Google Maps has been in the news a lot over the last week or two, having unveiled its own new 3D imagery and offline maps, along with being dumped by Apple as its primary Maps provider (in favor of TomTom).
Google announced today that it has made a “huge amount” of Street View data available in its Panoramio mapping interface. According to Google Maps and Google Earth VP of Engineering, Brian McClendon, Google has driven over 5 million unique miles in Street View, covering 39 countries and over 3,000 cities. All of this data is now available to Panoramio users.
Users will see a button called “Precise mapping with Street View” in the mapping interface when photos are mapped close to a place where Street View data is available. The user can click the button to activate Street View mode or drag/drop “Pegman” to the place the image was taken.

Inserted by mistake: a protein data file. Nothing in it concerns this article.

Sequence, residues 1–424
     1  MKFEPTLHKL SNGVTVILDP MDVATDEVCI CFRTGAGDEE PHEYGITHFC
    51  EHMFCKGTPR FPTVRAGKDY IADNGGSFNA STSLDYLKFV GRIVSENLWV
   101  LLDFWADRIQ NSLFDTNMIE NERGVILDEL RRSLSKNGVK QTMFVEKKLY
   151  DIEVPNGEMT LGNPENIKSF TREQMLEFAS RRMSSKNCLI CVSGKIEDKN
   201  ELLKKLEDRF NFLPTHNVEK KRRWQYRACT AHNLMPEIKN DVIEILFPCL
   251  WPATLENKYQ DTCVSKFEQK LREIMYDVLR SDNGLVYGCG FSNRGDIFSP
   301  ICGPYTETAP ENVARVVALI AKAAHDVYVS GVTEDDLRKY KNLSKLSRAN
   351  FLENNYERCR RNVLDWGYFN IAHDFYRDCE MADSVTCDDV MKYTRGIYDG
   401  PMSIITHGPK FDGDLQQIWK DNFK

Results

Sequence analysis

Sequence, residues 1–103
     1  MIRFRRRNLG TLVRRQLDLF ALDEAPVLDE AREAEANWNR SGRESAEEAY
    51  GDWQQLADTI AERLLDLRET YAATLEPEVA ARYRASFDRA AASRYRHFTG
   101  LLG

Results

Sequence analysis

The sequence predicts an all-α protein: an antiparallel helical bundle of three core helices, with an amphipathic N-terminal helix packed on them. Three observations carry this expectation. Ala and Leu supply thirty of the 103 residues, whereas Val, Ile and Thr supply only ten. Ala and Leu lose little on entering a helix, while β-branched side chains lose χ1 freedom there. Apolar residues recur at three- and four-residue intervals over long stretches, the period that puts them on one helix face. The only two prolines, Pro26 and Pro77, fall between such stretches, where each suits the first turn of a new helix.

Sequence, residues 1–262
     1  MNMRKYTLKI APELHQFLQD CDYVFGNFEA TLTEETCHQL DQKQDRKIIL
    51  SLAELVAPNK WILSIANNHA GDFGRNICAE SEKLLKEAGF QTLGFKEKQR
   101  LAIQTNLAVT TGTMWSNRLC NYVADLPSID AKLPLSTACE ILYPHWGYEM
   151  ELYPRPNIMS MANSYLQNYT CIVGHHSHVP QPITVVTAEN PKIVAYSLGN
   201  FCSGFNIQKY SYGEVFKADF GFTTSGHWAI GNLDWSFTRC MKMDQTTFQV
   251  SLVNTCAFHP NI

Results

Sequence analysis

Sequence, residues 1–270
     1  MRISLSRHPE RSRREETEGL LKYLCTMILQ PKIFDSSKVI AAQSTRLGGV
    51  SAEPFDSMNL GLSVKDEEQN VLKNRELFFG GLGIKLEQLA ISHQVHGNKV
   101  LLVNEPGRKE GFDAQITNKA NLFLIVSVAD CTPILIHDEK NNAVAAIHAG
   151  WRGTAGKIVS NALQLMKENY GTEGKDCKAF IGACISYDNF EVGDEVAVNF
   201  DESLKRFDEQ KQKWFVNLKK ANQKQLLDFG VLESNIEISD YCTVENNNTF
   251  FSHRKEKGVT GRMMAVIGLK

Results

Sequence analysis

“If you start playing with Street View, when you are in Street View mode, you may lose the photographer’s position pin,” says Panoramio Community Manager Gerard Sanz. “Do not worry about that, we have added a button that will bring the pin back.”
I normally do not fall into corporate-like speech but I am so excited about this new improvement we just released in our mapping flow, that I could not resist publishing in my personal G+.
I wanted to also thank for his hard work on this feature and the Street View team for their hard work on collecting the imagery that makes this new feature possible!
Panoramio: Precise mapping with Google Street View
Brian McClendon, our VP of Engineering for Google Maps and Google Earth, announced last week in The Next Dimension of Google Maps that we have driven over 5 million unique miles in Street View, coveri…
Google recently redesigned its photo uploader and mapping interface to make it easier to upload and map and Google+ imported photos, and added the ability to annotate the subject of the photo and to differentiate between indoor and outdoor imagery. Last week, Google announced it was shutting down the Panoramio iPhone uploader app and geotagging with Google Latitude feature.
Clearly Google wants Google+ to be an integral part of its photography offerings, across its products.
On a somewhat related note, Google also updated imagery for a number of places around the world this week.